A South Carolina bus driver says inquisitive children helped prevent a potentially deadly situation.

On the morning of May 6, Kenneth Corbin was driving 18 students to Forest Lake Elementary in Richland, when a gunman entered the bus and demanded him to drive to the next town. Corbin said he followed the man’s orders and continued to drive for about six minutes until the gunman allowed him and the children to exit the bus. Why did he decide to do this? Well, Corbin credits the students’ relentless questioning.

“The kids were the ones that actually got the gentleman off of the bus and they pretty much had my back as much as my concerns were with them,” Corbin told Good Morning America on Monday. “At the end when they started questioning him, it seemed to have frustrated him because his main objective were to get to the next town, but I think we were only on the road about four miles and he just got frustrated with the questions and just told me to stop the bus and get off. All y’all get off now.”

Corbin said the hijacker, who has since been identified as 23-year-old Army trainee Jovan Collazo, had demanded the students to come to the front of the bus “so he could keep [them] all in close proximity.” Moments later, the young children began bombarding the suspect with questions, so much so that he ultimately became frustrated.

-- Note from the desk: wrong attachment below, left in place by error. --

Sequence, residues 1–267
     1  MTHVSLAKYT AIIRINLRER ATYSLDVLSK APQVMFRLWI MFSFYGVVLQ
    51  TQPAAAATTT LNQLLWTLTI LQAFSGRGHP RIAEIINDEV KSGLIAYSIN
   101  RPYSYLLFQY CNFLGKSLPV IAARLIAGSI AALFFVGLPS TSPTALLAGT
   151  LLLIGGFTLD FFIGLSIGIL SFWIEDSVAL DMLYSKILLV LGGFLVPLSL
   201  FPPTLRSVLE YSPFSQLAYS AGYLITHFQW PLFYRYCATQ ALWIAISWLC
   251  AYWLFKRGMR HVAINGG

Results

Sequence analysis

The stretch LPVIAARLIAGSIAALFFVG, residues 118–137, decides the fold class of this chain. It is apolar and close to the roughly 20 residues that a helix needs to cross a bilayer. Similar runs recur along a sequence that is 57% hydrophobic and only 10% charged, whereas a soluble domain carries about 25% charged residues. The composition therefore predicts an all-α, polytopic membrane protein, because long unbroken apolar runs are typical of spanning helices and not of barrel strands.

“They asked him, ‘why are you doing this?’ He never did have an answer for this one,” Corbin recalled. “They asked, was he going to hurt them? He said ‘no.’ They asked, ‘are you going to hurt our bus driver?’ He said, ‘no. I’m going to put you off the bus.’ He sensed more questions coming and I guess something clicked in his mind and he said, ‘enough is enough already,’ and he told me to ‘stop the bus, and just get off.’”

Corbin said they had only traveled about 4 miles before he and the children were set free.

Officer say they believe Collazo, who was in his third week of training at Fort Jackson, was attempting to get to his home in New Jersey when he hijacked the bus. He was arrested shortly after the incident and slapped with two dozen charges including 19 counts of kidnapping. Collazo remains in custody.

“It was so evident that [the students] were precious cargo and I pretty much just had to just do whatever – to get them off the bus safe and sound,” Corbin told GMA. “It seemed like they were going to do the same thing by me, and that’s why I refer to them as my heroes.”